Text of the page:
MBTI: Busting Some Popular Myths

Inclusion

The Myers-Briggs Type Indicator (MBTI) is the problem child of psychological tools used at the workplace. People and organizations that are believers often tend to look upon it as the panacea for all ills. The MBTI explains everything: About 1.5 million people take the MBTI annually and most Fortune 500 companies use the tool. Such strong positive sentiment very obviously leads to very strong negative sentiments as well, making criticizing the MBTI the next most popular thing to adoring it. Of late, the MBTI criticisms seem to have taken an uptrend. I remember reading a few on LinkedIn as well. And till recently, the Wikipedia entry on MBTI was a complete disaster – much improved and extremely detailed/ complex now.

I must confess, I am a huge believer in the power of the MBTI in furthering meaningful interpersonal relationships and personal development. Needless to say, I am a globally certified administrator of the tool and use the tool extensively for coaching and training both organizations’ and families.

It is perhaps precisely why I understand the general frustrations about the MBTI. The tool is often less understood and hardly fully utilized, allowing several myths about the tool and its uses to persist.

Very often, administrators themselves, consciously or unconsciously, tend to discuss the MBTI in flippant terms or strengthen myths further by calling the MBTI a “test” for example, or saying, “Well, I was an ENFP, but over time, I have matured into an ESTJ.” The only way to describe my feeling when I hear something like this from anyone around me, is a sense of sadness and disappointment. It is not surprising then, to find participants who have used the tool come out with similar notions.

Here are some myths about the MBTI that I have commonly found in organizations and in individuals:

Myth 1: MBTI explains everything

MBTI does not explain everything. It does not for example, explain how values people carry impacts their behavior. What the MBTI does do is help you identify your preferences on four scientific parameters – how you take in and give out energy, how you absorb stimuli around you, how you process that information to make a decision, and how you like to experience or structure life. What that does is help you understand yourself and how you might behave in certain situations. As an extrapolation, it helps you understand why you work with some people better (likely they have similar preferences) and why others annoy or frustrate you (likely they have opposite preferences)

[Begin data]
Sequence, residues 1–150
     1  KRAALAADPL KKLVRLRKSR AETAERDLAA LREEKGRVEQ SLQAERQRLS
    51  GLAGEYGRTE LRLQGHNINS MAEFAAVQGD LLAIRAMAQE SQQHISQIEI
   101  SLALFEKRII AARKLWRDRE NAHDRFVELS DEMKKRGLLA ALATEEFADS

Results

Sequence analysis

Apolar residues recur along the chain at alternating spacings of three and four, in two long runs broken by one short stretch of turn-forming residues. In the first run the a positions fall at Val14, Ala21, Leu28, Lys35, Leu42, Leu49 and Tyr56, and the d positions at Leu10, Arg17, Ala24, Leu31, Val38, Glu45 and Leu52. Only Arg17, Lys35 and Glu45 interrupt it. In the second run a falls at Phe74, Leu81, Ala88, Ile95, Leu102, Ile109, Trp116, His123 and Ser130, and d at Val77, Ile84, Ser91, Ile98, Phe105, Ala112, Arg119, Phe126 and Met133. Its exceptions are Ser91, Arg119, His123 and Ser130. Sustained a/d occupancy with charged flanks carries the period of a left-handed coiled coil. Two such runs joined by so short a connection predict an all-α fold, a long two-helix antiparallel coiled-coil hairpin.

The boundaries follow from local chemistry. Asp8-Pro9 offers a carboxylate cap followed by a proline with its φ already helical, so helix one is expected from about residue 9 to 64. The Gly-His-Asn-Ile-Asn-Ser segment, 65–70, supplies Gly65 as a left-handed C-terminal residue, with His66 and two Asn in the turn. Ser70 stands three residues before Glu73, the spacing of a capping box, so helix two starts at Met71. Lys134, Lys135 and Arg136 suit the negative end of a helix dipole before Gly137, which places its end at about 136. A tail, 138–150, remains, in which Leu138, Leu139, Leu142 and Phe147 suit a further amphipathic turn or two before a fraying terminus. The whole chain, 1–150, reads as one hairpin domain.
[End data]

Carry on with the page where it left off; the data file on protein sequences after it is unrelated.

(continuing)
Myth 2: MBTI boxes you into a type

It does not. One of the first things MBTI clearly states is that we all have both opposites (dichotomies as they are called) of all preferences. We are not 100% of any one preference. All it states is that we tend to use one preference more than its logical opposite which is why it is called a “preference”. All of us with two hands use both our hands. Yet we are left or right handed. We tend to use one more than the other. Preferences in psychological type work the same way

Myth 3: MBTI measures what you can do well and what you cannot

MBTI does not measure anything actually. Which is why it is not a “test” but an “inventory”. It does not give you a score on strengths and weaknesses. It does not even tell you what your strengths and weaknesses are. Which is one of the key reasons why it is not only inappropriate but also illegal to use the MBTI for recruitment, promotion or any kind of selection. The MBTI indicates a preference. It does not say how well developed it is. For example, you may be left-handed. That does not mean you have a great handwriting. Similarly, the MBTI may indicate you have a preference for “Extraversion”. It does not mean you are a great orator.

These three myths are really the tip of the iceberg when it comes to myth-busting about the MBTI. Watch this space for more on the tool and do write to me (contactme@radhikasubramanian.com) if you have any specific questions.

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